Sample standard deviation is measured to be 121 lets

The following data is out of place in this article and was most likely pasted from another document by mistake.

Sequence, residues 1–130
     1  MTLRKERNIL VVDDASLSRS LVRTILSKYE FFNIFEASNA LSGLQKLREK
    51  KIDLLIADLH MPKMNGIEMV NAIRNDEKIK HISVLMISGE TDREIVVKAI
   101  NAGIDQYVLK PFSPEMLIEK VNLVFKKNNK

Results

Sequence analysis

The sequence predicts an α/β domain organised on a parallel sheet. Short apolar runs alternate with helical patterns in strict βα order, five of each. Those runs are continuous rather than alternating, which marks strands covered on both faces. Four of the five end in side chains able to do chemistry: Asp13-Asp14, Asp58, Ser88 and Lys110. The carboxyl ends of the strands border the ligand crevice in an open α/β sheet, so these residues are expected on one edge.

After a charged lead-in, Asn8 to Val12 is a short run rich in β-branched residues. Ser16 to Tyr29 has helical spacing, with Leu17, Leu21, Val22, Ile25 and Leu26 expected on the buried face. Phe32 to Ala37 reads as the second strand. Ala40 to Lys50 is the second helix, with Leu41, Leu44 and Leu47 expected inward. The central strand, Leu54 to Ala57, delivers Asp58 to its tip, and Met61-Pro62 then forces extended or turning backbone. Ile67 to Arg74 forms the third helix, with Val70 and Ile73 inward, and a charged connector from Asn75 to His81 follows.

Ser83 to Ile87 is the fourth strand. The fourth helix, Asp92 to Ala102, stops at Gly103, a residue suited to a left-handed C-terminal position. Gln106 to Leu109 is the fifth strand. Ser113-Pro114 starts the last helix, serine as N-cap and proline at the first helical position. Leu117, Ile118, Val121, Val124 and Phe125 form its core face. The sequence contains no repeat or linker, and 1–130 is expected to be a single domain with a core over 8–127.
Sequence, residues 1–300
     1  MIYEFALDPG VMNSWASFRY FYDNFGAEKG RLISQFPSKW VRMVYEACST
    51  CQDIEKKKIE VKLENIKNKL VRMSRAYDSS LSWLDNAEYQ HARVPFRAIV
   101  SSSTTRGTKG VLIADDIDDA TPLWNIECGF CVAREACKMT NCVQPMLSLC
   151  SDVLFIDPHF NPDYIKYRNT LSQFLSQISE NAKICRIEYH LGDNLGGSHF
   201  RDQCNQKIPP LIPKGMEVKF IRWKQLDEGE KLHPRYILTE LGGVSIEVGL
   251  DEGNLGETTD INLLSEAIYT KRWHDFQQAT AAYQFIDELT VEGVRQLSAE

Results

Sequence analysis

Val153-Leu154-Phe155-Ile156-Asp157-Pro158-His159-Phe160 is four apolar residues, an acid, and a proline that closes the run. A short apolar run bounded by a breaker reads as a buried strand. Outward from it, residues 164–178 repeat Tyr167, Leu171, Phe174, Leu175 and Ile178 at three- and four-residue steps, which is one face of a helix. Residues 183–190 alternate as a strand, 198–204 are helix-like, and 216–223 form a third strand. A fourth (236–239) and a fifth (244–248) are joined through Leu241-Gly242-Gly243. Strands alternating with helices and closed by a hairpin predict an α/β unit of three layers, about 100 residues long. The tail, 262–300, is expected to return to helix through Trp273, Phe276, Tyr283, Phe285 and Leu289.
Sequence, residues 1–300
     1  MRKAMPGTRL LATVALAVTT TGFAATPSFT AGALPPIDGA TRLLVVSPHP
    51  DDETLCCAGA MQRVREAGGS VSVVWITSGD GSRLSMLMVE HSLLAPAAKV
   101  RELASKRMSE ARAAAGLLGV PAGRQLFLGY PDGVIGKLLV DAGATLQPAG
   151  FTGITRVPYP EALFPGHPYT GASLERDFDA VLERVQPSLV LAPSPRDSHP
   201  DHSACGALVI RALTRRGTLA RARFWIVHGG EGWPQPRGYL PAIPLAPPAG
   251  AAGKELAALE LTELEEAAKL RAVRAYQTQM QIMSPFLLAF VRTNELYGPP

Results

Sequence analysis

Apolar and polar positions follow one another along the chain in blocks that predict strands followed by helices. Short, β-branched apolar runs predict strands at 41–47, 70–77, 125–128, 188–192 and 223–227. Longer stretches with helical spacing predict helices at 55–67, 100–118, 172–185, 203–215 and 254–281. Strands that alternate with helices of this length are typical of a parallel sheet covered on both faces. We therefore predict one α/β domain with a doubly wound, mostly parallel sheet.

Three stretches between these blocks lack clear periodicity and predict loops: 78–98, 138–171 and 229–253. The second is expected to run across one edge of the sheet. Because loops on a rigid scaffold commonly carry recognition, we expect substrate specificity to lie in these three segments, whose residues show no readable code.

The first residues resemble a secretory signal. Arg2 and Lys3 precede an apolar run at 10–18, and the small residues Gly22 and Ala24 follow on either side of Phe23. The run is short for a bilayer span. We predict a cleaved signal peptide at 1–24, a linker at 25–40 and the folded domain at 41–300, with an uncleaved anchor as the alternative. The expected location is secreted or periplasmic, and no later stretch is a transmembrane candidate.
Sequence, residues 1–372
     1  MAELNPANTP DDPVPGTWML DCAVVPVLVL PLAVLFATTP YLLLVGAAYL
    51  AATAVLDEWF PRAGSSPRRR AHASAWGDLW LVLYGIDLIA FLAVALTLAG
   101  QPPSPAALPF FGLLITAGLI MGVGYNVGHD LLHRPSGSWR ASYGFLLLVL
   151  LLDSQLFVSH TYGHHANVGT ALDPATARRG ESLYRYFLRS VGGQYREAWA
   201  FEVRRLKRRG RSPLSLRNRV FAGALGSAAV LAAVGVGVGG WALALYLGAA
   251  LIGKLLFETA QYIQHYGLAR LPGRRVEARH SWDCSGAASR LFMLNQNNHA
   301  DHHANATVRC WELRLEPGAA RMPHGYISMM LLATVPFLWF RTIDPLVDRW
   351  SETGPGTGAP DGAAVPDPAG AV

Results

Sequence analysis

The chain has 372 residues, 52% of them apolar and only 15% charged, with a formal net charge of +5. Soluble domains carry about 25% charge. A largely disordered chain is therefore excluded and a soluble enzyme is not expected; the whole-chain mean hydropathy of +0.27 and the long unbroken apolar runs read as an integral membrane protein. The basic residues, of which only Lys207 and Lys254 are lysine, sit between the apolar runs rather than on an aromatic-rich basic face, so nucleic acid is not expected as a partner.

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Unformatted text preview: tα/2,n−1 s / n ¯ where tα/2,n−1 is t-value with n − 1 degrees of freedom and α/2 upper tail probability. Notice now the margin of error is a function of both x and s ¯ Utku Suleymanoglu (UMich) Interval Estimation 11 / 16 Interval Estimation of Population Mean Example Similar example: Suppose you have a normally distributed population with variance σ 2 unknown. You have a sample of 14 observations, whose sample average is x = 7. Sample ¯ standard deviation is measured to be 1.21. Let’s build a 95% confidence interval for µ. We need to get the margin of error. Let’s calculate tα/2,n−1 is first. α = 0.05, so α/2 = 0.025. n = 14, so n − 1 = 13. Let’s look up the table: √ 1. We have tα/2,n−1 = 2.160. So margin of error is tα/2,n−1 s / n = 2.160 × √21 . It is 14 0.6985. So the confidence interval: (7 − 0.6985, 7 + 0.6985) = (6.3015, 7.6985) Food for thought: suppose the 1.21 was σ not s . What would happen to the width of our interval estimate? Why? Utku Suleymanoglu (UMich) Interval Estimation 12 / 16 Interval Estimation of Population Mean Case 3: Population Not Normally Distributed, σ unknown Above results relied on the population values having a normal distribution. If this is violated, sampling distribution of x cannot be normal or t-distribution. So the confidence ¯ intervals cannot be constructed as described. Luckily, CLT comes to rescue. For large enough n, x is approximately normally ¯ distributed, so we can build confidence intervals. CI for µ, Case 3: Any Population, σ unknown If population has unknown dis...
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